In a converted shoe factory loft from the turn of the century, Emma Fried-Cassorla and James Healy make a 600-square-foot studio in the Callowhill neighborhood of Philadelphia, PA their home. James, an ex-jet engine engineer turned web developer, had been living in the flat for a while before he and Emma, an ex-neuroscientist and now communications manager for the Delaware River Waterfront, decided to move in together. Before this apartment, James lived a pared-down life on a 50-foot sailboat for almost two years. The couple wavered back and forth about living in the studio together but decided to try it; the two walls of windows and amazing light meant that no other spaces could compare, even if they were bigger.
When Emma moved in, the place was decidedly spartan. James had built the Murphy bed (which they try to put up every morning so as not to feel like they’re cooking in their bedroom). All of James’ stuff remains, including the giant Stormtrooper decal. Emma brought a lot of the furniture with her, like the chairs, rug, and dining room set. Since then, they’ve been adding local Philly art and plants that thrive in the light. Two walls of windows means less hanging (hence the clustered gallery wall), but lots of sunlight. In order to make the small studio work for two people, the pair have gotten creative. James ceded the closet to Emma and moved his wardrobe into a small back room that houses the washer, dryer, and hot water heater. He also built a table to fit the nook for when someone requires quiet time in which to work.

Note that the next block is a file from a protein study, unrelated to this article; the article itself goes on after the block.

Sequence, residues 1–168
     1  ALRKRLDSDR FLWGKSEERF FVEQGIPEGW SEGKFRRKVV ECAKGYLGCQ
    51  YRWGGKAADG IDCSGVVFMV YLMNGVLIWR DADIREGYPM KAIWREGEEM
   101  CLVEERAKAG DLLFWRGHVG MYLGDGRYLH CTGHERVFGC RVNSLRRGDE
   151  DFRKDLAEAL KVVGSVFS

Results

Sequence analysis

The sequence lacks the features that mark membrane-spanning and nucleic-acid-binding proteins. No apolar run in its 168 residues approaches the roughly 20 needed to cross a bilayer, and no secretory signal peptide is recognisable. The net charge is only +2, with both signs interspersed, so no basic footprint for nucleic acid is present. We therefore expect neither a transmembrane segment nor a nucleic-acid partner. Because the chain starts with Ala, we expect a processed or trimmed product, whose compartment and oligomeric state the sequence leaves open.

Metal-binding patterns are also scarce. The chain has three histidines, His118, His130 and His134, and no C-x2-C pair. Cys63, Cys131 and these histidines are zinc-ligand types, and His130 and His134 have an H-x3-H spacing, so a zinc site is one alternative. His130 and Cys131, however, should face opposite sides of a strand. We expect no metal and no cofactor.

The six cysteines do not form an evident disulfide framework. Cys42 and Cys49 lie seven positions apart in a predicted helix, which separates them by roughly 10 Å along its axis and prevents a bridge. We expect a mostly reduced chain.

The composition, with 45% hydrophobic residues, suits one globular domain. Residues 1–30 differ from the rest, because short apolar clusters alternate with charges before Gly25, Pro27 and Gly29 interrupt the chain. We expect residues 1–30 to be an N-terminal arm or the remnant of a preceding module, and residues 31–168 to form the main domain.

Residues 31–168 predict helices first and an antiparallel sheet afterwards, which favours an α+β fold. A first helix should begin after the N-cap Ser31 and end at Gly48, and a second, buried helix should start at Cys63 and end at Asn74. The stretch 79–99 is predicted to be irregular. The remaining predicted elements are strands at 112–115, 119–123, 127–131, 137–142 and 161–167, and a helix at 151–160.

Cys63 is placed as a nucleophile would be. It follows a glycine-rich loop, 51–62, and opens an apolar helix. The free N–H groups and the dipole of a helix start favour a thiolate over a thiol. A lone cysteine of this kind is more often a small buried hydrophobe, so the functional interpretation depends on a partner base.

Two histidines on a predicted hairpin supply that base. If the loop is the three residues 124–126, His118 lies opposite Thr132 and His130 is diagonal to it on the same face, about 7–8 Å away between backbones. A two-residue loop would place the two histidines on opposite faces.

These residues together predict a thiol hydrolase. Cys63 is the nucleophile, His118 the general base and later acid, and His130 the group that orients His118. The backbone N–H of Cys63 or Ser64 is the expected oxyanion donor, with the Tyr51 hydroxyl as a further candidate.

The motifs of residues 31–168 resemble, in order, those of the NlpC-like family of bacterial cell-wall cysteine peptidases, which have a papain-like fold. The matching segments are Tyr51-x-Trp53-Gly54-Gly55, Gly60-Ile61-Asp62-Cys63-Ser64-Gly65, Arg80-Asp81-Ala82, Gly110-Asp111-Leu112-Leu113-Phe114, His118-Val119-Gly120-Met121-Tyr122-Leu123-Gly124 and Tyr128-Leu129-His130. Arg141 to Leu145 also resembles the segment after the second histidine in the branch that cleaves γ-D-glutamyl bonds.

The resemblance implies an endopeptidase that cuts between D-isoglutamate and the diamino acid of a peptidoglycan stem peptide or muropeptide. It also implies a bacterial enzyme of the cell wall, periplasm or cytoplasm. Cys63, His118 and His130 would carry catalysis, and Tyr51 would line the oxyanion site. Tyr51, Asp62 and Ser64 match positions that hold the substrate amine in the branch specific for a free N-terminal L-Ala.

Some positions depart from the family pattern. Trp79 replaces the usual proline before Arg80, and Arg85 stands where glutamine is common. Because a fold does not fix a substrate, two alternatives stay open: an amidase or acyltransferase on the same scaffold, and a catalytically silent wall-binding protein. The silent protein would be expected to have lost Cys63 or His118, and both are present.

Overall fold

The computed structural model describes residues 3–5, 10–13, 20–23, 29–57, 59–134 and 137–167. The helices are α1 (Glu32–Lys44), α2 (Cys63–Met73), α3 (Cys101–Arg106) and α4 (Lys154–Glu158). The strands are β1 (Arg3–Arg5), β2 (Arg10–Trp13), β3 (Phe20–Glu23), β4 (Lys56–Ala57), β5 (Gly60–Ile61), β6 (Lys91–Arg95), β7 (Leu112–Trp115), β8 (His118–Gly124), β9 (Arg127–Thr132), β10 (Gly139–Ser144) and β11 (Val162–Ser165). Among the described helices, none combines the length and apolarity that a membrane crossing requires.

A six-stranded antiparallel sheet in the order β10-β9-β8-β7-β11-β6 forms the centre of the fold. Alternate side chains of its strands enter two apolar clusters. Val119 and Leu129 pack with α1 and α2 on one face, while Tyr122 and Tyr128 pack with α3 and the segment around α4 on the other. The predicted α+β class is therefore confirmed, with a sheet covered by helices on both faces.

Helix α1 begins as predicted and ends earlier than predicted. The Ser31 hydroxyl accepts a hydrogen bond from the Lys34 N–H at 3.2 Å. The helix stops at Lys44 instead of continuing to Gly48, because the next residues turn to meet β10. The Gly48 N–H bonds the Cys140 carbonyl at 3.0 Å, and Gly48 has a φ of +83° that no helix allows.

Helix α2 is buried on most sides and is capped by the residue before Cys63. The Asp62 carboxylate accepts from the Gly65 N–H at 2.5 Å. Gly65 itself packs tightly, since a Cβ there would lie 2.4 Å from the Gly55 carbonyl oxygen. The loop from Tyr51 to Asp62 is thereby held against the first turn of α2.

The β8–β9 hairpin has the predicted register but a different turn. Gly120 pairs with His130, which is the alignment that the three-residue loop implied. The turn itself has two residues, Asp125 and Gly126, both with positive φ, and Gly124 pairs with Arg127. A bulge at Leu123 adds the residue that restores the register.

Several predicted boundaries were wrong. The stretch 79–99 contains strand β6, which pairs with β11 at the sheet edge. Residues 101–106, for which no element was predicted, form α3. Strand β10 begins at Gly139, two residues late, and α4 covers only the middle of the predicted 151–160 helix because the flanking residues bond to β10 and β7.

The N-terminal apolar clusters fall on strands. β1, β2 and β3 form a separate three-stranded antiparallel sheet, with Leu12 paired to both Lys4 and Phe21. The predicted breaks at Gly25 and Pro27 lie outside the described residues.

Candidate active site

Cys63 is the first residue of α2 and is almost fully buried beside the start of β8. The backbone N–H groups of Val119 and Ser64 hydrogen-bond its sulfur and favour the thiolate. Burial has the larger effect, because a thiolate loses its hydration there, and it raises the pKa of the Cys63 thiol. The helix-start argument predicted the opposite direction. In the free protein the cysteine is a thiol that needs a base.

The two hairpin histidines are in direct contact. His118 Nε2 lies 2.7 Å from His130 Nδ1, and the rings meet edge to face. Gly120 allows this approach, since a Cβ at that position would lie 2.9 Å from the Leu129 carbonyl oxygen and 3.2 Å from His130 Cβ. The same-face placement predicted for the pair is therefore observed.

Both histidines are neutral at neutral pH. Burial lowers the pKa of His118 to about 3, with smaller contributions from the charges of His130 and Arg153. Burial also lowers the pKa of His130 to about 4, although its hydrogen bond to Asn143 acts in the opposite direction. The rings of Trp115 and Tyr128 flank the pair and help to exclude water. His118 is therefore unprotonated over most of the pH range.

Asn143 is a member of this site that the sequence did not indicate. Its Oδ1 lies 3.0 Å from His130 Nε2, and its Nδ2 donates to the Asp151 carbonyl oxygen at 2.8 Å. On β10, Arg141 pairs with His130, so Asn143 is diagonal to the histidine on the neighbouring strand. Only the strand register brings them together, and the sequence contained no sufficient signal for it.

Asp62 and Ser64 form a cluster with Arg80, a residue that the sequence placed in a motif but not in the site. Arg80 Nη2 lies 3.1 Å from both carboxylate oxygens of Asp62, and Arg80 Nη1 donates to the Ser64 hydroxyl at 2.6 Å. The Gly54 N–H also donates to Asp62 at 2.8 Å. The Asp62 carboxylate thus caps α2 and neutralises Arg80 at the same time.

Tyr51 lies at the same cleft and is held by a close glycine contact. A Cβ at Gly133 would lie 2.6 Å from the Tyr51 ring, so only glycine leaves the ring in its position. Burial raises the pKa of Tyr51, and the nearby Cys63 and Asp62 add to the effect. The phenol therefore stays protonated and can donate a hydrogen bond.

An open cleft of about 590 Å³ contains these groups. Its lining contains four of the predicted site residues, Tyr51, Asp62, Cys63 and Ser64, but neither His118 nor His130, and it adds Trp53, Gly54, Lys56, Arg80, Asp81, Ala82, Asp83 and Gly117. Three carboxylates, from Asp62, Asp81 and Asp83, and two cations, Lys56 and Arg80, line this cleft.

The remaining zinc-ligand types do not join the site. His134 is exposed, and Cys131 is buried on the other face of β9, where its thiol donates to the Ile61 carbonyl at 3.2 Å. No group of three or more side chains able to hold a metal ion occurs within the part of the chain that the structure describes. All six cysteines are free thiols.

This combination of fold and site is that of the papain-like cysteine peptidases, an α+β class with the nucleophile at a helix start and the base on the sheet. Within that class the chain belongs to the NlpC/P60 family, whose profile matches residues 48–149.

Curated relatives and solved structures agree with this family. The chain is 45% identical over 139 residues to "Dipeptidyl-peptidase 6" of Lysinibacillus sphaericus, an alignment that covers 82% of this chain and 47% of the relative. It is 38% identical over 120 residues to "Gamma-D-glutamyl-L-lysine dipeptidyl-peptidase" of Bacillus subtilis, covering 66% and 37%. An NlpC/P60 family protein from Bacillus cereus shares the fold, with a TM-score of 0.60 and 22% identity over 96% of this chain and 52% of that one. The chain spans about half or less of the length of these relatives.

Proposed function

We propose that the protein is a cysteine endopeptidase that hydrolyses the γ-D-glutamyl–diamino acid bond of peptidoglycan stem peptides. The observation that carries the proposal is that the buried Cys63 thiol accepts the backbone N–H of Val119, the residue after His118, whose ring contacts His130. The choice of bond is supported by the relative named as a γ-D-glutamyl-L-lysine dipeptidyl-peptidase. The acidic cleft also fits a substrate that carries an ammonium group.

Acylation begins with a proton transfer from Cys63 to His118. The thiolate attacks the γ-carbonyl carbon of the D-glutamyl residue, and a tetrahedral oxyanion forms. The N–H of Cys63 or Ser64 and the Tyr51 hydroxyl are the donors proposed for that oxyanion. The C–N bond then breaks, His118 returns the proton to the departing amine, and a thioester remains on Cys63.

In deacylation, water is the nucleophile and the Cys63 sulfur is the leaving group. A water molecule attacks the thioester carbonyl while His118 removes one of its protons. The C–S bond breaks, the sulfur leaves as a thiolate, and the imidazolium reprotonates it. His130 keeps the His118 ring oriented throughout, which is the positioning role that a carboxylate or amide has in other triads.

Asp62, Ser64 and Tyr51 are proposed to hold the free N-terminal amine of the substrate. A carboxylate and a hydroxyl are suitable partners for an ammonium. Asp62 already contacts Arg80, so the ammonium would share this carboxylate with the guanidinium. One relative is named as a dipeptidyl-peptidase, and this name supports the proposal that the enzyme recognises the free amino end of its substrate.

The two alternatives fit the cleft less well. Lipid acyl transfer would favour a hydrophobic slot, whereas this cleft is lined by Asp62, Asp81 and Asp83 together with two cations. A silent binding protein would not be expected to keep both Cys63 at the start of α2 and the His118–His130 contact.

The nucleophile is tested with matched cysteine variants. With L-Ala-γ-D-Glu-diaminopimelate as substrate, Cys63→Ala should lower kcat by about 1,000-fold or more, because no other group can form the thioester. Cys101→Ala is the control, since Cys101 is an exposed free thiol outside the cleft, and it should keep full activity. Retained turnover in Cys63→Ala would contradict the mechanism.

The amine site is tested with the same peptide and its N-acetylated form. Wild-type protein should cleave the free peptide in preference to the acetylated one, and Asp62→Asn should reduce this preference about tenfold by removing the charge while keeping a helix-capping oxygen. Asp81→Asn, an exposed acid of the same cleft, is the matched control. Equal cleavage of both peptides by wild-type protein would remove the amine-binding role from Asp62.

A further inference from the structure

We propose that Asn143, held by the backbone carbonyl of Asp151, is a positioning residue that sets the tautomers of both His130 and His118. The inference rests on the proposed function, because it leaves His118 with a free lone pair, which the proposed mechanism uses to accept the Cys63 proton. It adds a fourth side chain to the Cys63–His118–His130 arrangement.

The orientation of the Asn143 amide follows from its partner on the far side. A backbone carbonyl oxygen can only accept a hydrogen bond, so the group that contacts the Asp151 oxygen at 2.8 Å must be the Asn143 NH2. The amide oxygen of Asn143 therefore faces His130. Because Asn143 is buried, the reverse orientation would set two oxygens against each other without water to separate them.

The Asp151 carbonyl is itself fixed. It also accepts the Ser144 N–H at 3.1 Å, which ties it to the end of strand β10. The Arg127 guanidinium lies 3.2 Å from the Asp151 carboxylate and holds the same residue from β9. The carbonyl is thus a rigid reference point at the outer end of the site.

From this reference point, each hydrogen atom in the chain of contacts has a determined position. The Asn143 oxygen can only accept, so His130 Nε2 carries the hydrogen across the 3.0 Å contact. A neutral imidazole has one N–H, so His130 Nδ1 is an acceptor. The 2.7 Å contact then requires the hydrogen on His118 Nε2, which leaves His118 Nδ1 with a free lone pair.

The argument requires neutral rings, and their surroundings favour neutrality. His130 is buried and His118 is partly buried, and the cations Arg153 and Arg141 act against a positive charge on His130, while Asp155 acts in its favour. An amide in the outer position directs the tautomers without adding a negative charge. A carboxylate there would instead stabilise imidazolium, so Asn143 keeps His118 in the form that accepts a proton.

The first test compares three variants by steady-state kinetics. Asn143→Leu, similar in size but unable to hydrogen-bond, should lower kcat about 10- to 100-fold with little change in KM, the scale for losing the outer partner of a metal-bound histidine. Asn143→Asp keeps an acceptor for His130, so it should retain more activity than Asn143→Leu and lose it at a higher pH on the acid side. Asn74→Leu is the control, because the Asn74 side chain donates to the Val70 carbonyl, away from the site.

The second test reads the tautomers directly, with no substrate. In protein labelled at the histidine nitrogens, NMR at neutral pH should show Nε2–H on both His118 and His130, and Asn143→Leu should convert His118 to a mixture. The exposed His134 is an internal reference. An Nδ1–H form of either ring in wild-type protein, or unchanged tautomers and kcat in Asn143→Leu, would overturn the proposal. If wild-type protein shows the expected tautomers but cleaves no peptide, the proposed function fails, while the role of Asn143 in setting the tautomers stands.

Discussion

Emma, who runs a blog called Philly Love Notes highlighting the wonderful things about Philadelphia as written by residents, also makes custom lasercut maps based off hand-papercuts she makes in the space. Having a corner studio means that they live in a bit of a bubble. Emma keeps the windows open as much as possible, especially for the sunrise, but people can see in. On the other hand, they can watch people walking and driving by, and best of all, the view looks right out onto what will be Philadelphia’s future Rail Park. Emma adores many things about this loft apartment — the natural light that wakes her up every morning, learning to live with less, and most of all, making a relationship work in such a small space. —Annie